K. Katulski et al.

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PCOS – early pregnancy complications For PCOS patients, infertility is often the key clinical problem related to the syndrome. It should be kept in mind that ovulation disorders cover a wide range of irregularities, corresponding to and coexisting with the maturation of the ovum, which should be taken into consideration alongside the mere fact of the presence or absence of a healthy egg cell. Both hormonal and metabolic disorders may impact the development of early pregnancy in this group of patients [1,5–7]. First irregularities may be observed already during ovulation whose most apparent consequence may be improper quality when it comes to the level of ovum maturity [8]. Still, we have to keep in mind that except for the ovum the ovulation disorders may preclude implantation at many other levels as well. Both quantitative and qualitative disorders are most often related to the hormonal function of granulosa cells and they result in the uterine mucous membrane not being properly prepared to implantation of the embryo [8,9]. Another limitation hindering fertility lies in the lack of proper environment in the area of cervical mucus, which is related to irregular process of capacitation and confirmed lack of coordination in the movement of oviduct cilia, which leads to a slowdown in the migration of the embryo [5]. These disorders may occur with varying intensity, which results in different qualities of oocytes. Consequently, we cannot exclude a situation when full maturity of an ovum is possible and the implantation in a PCOS patient may proceed properly [8]. A lot of attention is given to the probability of disorders occurring in the process of development and growth of ovarian follicles. It is indicated that the probability of disorders occurring at the stage of consumption of nutrients and energy substrates by the growing oocyte from the follicular fluid is a considerable one. Metabolic disorders are quite commonly observed in PCOS, in the first place ones related to glucose homeostasis. The obvious systemic consequence of these disorders is the change in metabolic processes also at the level of ovarian follicles [10]. In the research of granulosa cells’ functions during in vitro fertilization programs, it has been pointed out many times that glucose metabolism in ovarian follicles is significantly disturbed in PCOS patients. Most importantly it has been found that in the granulosa cells’ grown, the use of glucose dependent on insulin is largely reduced [10,11]. It seems highly probable that initial metabolic disorders in the ovarian follicle may intensify throughout the entire oogenesis. This may result in disturbed production of energy for oocytes precluding their proper development [12,13]. Recently, more attention is being given to the possible effect of excessive androgens on the embryo development in early pregnancy. Hyperandrogenemia in PCOS patients may have a long-lasting effect on the development of the embryo first and then the fetus, especially in female offspring. Fetus hyperandrogenisation may cause abnormal epigenetic programming especially for genes that regulate the reproductive and metabolic processes [14].

PCOS – abnormalities during pregnancy Many studies suggest an increase in the risk of obstetric pathology: early miscarriage, gestational hypertension, preeclampsia, gestational diabetes (GD) mellitus-diagnosed during early pregnancy, prematurity, low birth weight or macrosomia, neonatal complications, and cesarean sections. However, it is difficult to conclude clearly about it, because of the heterogeneity of definition of PCOS in different studies. In addition, many confounding factors inherent in PCOS including obesity that are not always taken into account and generate a problem of interpretation. However, it seems possible to conclude that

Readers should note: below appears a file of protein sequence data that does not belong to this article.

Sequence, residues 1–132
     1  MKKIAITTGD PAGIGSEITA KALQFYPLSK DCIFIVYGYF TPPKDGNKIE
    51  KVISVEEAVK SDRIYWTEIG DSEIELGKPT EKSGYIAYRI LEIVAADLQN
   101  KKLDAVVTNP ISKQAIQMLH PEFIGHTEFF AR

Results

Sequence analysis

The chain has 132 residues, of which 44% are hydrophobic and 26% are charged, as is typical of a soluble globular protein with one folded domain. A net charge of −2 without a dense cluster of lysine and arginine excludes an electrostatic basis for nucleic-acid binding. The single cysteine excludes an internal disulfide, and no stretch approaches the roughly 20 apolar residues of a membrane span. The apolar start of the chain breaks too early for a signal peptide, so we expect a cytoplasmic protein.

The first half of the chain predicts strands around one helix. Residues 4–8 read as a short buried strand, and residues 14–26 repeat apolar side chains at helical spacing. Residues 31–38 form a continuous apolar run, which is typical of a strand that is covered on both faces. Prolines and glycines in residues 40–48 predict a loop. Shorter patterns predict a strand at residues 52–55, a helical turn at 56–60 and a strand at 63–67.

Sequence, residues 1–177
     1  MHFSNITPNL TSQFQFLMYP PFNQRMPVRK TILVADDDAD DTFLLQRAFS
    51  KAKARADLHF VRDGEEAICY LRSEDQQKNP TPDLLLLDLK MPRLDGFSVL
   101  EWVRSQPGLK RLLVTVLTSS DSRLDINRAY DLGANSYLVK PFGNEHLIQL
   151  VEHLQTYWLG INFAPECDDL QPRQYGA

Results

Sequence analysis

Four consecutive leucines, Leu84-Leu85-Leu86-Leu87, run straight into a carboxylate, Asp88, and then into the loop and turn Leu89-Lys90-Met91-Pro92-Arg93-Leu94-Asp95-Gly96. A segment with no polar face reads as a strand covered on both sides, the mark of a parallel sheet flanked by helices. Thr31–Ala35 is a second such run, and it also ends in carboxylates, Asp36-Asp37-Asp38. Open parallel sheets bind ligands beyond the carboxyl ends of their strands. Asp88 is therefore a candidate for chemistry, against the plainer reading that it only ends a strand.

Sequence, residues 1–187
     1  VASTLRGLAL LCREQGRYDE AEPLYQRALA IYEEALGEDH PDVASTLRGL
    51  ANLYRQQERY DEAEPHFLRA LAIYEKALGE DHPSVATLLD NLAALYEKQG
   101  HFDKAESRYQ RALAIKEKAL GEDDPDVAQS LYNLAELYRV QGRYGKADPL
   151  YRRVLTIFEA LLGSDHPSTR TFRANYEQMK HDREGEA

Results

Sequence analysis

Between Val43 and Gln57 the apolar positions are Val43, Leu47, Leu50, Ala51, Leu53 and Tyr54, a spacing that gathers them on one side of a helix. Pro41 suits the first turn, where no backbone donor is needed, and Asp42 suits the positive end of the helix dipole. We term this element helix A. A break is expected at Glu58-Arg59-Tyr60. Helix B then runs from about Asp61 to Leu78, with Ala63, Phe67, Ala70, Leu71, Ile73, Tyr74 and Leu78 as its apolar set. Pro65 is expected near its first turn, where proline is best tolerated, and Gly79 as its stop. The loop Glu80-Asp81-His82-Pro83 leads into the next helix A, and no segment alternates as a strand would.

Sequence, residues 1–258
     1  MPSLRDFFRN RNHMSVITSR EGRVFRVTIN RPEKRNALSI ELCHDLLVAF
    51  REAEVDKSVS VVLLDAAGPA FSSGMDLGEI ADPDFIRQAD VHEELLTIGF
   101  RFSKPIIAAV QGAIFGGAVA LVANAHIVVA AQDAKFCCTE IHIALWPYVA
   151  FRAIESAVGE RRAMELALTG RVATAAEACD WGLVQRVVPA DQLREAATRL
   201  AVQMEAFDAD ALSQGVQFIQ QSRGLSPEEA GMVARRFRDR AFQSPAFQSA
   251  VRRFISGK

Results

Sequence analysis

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Table 1. PCOS and pregnancy complications.

Risk of miscarriage Risk of pre-eclampsia Impaired glucose tolerance Type 2 diabetes

Patients with PCOS (%)

General population (%)

30–50 10 31–35 7.5–10

10–16.6 5 1.6 2.2

PCOS does not increase the risk of placental abruption, HELLP syndrome, liver disease, postpartum hemorrhage, late miscarriage, and stillbirth [15].

Gestational hypertension and pre-eclampsia According to the basic statistical data, 2–5% healthy pregnant women are diagnosed with pregnancy-induced hypertension. In one-third of the women in this group, the problem develops into more severe form of hypertension – pre-eclampsia. There are undoubtedly many risk factors for the development of hypertension during pregnancy. One of these factors is the co-existence of PCOS. It has been found that in pregnant women with PCOS, the systolic, diastolic, and average blood pressure are statistically higher and increased arterial stiffness is observed [16,17]. According to the basic statistical data, the frequency of preeclampsia occurrence is estimated to be 5% in the population of healthy pregnant women and approximately 10% among primaparas (Table 1) [18]. The analysis of available test results indicates that the increased risk is independent from other coexisting factors including age, BMI, abnormal glucose management, medications used in ovulation induction, and arterial hypertension [19–21]. It has to be emphasized although that the risk of developing pre-eclampsia is even higher by coexistence of additional risk factors, which often co-occur with PCOS, particularly obesity and GD. It should be kept in mind that oocyte donation and insemination with donor’s semen also constitute an independent risk factor for pre-eclampsia [20]. Thus, patients affected by PCOS and additional risk factors must be under special control with regard to pre-eclampsia occurrence. Women with PCOS with obesity, dyslipidemia, hypertension, and impaired glucose tolerance are at risk, whereas those with metabolic syndrome or type 2 diabetes mellitus are at a high risk for cardiovascular disease. Body mass index, serum lipid, and blood pressure determinations are recommended for all women with PCOS, as is oral glucose tolerance testing in those with obesity, advanced age, and personal history of GD. Mood disorder assessment is suggested in all PCOS patients [4].